Matt Walsh chills with Who Charted? and Freakonomics plays the name game

Matt Walsh chills with Who Charted? and Freakonomics plays the name game

QUOTES OF THE WEEK

“I was a dick. Surprised?” —Marc Maron on his first interactions with Dean Delray, WTF

“That town loves its Bob Seger. Sweet Jesus. You make a Bob Seger joke in Michigan, you may has well just punch people in the face. Walk around the room and start punching people. That’s how they react.” —Jimmy Pardo, Never Not Funny

“How did this break bad?”
“Maybe the nonstop shitting on everything her life is about?” —Jimmy Pardo and Matt Belknap wonder why a phone call got awkward, Never Not Funny

“I ate one of the me-apples from the ego tree back in my soul. It was delicious.” —Marc Evan Jackson as hero Sparks Nevada, The Thrilling Adventure Hour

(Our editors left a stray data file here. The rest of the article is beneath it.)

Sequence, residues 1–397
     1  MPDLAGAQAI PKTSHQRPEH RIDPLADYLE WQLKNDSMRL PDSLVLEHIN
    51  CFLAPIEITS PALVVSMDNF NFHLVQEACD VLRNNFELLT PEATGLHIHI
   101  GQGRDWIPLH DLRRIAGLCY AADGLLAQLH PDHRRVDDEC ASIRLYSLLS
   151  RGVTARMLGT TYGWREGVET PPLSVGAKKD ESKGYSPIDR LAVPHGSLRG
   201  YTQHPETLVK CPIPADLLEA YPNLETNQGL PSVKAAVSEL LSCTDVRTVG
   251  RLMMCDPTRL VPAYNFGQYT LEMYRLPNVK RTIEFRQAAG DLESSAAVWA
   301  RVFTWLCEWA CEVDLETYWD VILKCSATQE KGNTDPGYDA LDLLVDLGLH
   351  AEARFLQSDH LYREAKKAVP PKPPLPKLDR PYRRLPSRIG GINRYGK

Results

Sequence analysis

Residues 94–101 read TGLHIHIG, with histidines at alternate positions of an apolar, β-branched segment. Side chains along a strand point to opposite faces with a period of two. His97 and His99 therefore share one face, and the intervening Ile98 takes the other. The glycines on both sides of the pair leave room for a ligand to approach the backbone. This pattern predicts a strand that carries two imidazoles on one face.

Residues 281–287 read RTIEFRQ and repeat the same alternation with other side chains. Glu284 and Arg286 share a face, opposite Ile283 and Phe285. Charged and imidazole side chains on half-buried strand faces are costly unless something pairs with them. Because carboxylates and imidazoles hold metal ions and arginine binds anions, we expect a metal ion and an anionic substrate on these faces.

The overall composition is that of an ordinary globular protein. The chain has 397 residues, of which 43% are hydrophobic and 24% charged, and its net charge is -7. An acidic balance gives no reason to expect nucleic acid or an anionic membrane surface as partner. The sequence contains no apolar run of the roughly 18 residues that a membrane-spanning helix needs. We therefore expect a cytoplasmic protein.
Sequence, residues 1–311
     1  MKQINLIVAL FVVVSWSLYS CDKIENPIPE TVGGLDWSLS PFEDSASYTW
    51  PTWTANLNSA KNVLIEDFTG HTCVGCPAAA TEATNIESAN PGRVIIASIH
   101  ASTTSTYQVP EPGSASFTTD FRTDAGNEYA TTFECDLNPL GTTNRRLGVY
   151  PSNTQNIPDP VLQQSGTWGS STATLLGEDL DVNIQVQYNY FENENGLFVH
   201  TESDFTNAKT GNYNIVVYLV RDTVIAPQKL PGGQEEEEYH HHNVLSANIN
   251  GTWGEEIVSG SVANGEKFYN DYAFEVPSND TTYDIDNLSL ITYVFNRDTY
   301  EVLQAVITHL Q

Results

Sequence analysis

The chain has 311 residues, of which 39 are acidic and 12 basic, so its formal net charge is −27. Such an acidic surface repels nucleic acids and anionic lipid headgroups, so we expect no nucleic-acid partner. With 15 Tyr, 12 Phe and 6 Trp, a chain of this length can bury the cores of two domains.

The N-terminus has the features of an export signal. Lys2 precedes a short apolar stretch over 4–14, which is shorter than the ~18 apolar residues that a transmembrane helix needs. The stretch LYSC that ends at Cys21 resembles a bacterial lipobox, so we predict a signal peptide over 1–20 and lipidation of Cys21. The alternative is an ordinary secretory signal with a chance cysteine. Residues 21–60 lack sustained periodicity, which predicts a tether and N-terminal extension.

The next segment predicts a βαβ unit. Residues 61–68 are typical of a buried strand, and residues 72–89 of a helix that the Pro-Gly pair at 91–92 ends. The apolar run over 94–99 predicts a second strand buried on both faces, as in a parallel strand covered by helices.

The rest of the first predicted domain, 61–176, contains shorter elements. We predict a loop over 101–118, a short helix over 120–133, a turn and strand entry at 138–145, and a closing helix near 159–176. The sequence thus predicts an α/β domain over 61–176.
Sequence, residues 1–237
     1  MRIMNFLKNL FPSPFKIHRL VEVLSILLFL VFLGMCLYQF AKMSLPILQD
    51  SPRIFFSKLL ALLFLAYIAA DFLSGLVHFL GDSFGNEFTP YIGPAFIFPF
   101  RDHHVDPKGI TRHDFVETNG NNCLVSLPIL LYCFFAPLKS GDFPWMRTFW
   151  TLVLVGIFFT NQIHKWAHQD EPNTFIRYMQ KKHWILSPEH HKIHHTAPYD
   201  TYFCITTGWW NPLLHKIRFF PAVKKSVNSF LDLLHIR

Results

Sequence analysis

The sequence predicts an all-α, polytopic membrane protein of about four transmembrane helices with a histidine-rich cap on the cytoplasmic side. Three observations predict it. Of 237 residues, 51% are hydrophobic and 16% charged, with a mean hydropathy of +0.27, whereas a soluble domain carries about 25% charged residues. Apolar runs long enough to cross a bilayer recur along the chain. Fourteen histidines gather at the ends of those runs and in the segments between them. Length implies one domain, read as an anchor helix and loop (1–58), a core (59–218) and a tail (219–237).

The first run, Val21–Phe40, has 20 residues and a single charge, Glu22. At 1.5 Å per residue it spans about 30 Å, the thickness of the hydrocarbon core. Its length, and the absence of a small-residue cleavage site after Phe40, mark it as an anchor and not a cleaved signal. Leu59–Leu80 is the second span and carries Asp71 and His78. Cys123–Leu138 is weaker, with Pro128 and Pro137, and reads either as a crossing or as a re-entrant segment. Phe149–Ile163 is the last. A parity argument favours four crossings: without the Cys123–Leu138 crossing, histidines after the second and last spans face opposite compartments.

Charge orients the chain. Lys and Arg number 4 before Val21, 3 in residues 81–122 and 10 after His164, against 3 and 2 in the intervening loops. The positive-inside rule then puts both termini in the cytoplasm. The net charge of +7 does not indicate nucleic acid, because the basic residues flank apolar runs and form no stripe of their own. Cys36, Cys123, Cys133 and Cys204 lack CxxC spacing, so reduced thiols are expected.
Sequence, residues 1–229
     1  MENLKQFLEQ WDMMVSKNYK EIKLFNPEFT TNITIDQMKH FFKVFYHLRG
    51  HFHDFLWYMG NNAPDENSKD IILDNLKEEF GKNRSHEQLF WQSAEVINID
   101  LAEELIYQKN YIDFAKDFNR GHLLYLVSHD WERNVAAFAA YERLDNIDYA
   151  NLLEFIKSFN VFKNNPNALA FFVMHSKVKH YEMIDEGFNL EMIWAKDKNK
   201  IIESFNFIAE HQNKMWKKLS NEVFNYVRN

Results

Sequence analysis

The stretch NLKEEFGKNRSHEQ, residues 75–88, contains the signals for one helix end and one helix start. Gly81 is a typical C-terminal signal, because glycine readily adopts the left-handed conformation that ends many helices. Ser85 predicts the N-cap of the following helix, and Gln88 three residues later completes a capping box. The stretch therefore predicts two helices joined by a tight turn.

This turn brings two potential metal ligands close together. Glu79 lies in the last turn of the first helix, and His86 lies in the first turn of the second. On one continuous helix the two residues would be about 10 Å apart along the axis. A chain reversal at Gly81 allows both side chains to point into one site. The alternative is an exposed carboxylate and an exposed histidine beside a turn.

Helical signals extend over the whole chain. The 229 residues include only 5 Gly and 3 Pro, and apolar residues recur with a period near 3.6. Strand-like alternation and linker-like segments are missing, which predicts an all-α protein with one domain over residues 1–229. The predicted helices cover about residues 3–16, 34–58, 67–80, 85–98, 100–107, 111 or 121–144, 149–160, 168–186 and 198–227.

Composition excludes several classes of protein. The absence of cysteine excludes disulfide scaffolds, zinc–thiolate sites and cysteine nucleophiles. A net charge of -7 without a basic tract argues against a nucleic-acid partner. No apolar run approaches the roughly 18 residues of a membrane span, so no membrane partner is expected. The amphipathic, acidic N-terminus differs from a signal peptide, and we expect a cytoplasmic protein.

NEW (TO US)

Jason Sims Puts You In Your Place
Regular listeners of The Best Show On WFMU will recognize Jason Sims as “Jason from Huntsville,” whose regular calls about life in Alabama are frequent high points of the show. On Jason Sims Puts You In Your Place, he examines the way that people identify with places, talking to creative types about where they’ve lived and how locations have influenced their work. The mild-mannered Sims admits to not having visited many of the places his guests describe, which only underscores his genuine interest in them. Whether he’s getting Tom Scharpling’s thoughts on having a career in show business outside of New York or Los Angeles or listening to Chris Gethard’s stories about his childhood in West Orange, New Jersey, Sims is always engaged and enthusiastic. He often finds common ground with his guests, like when he and cartoonist Melissa Mendes discuss how playing in the woods as children taught them to tell stories. These small, everyday moments turn out to be foundational, and they not only add a level of charm and relatability, but they also make the podcast a pleasure to hear. [DF]


DROPPING IN

Rock Solid